Gods at War: The God of Success

Commit

How do you define success? Money? Fancy cars? A big house? Your position at work? The amount of stuff you have acquired? It is good to be driven, but are we driven for the right purpose? Who are we trying to make a success? Ourselves or God?

The author puts it this way: “success is when we achieve; blessed is when we receive. If we say “I’m successful,” we are giving the glory to ourselves. When we say “I’m blessed,” we are giving the glory to God.”

I want to give the credit to the one who makes it all possible. The one through which all blessing flow: GOD!

Jesus My Purpose

The god of success whispered to us, “Don’t you want to be king of the hill?’

“Which hill?” we asked.

“Any of them. All of them.” He smiled.

And we pursued a life of climbing, always climbing. Up hills. Up corporate ladders. Up lists. Up food chains. Up social registers. This god never had to make his case for what he was offering.

But along the way, climbing, working, earning, and achieving became ends in themselves. It was no longer about what we could do, but about whom we could out-do. 

If we were honest we would have to say that it wasn’t for the Lord or even for others that we worked but for ourselves.

And we had several unhappy surprises. One was that we hurt people as we climbed over them or elbowed them down the hill. Another was that we were always weary from the effort. Not to mention always wary of challengers to the throne. And the greatest surprise was that the top of the hill wasn’t nearly as great as we thought it would be. The top of the hill ended up being a pretty lonely and disappointing place. We wondered if maybe we had the wrong hill.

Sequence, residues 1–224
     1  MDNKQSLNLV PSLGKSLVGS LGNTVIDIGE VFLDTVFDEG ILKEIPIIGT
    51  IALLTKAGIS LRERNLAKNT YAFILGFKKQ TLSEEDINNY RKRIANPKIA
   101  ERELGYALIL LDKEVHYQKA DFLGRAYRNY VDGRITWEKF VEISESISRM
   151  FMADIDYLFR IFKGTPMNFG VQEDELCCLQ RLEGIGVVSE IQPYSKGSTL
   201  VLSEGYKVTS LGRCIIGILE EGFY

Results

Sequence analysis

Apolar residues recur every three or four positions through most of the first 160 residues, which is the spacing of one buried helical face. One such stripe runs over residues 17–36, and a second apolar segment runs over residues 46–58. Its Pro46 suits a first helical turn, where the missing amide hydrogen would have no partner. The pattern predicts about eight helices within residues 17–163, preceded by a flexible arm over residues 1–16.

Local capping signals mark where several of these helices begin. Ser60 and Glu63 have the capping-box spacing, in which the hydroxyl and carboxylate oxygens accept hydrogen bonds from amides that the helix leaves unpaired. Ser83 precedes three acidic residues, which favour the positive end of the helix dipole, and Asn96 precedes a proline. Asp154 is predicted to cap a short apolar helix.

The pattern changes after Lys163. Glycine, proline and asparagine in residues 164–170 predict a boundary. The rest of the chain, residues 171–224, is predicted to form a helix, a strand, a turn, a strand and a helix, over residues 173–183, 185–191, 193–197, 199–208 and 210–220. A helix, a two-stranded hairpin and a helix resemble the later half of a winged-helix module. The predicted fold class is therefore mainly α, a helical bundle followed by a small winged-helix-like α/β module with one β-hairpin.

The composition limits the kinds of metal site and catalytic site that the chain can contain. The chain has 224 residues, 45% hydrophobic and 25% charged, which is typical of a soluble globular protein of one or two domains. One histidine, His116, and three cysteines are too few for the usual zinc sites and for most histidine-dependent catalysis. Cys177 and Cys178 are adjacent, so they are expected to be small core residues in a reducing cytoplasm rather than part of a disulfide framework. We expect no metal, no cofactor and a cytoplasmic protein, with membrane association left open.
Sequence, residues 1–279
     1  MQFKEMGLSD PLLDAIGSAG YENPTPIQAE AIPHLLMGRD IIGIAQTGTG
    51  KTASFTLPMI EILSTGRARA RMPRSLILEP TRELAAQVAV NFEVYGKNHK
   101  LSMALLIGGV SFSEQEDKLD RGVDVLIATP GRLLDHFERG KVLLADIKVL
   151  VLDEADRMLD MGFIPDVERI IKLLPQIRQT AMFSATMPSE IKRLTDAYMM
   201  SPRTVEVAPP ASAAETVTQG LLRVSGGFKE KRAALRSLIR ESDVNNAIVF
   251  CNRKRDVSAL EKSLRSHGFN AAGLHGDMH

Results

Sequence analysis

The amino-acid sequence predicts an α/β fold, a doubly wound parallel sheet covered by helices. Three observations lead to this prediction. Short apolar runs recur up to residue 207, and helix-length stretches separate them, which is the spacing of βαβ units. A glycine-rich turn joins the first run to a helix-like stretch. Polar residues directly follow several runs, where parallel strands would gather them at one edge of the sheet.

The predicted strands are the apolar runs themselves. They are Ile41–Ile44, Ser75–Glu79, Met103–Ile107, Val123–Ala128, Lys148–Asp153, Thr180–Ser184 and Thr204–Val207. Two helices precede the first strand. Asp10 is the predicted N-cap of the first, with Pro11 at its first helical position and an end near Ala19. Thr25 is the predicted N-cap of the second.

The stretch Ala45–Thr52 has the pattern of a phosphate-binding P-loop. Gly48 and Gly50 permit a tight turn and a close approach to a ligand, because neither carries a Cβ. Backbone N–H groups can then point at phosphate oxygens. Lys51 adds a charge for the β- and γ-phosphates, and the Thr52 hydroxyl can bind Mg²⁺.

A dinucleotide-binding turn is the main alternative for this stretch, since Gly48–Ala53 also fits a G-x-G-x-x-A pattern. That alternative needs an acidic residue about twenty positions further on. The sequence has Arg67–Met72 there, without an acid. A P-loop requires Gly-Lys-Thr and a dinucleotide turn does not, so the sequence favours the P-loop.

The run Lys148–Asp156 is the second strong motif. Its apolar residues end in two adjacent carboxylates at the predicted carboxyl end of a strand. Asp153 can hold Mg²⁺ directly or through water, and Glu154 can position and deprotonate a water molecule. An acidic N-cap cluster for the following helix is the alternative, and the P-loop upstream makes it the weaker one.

And then we discovered on last hill. But this hill already had a King, along with three crosses standing on it. And he extends us a simple invitation: “Come and follow.” And as we follow him he turns success on its head. The first will be last and the last will be first. The greatest among you will be the servant of all. Consider others better than yourself. To find your life you must lose it. 

And so now, we still care about success, but we define it differently. He has become our purpose. We live for serving him, knowing him, for pleasing him. That’s how we define success.

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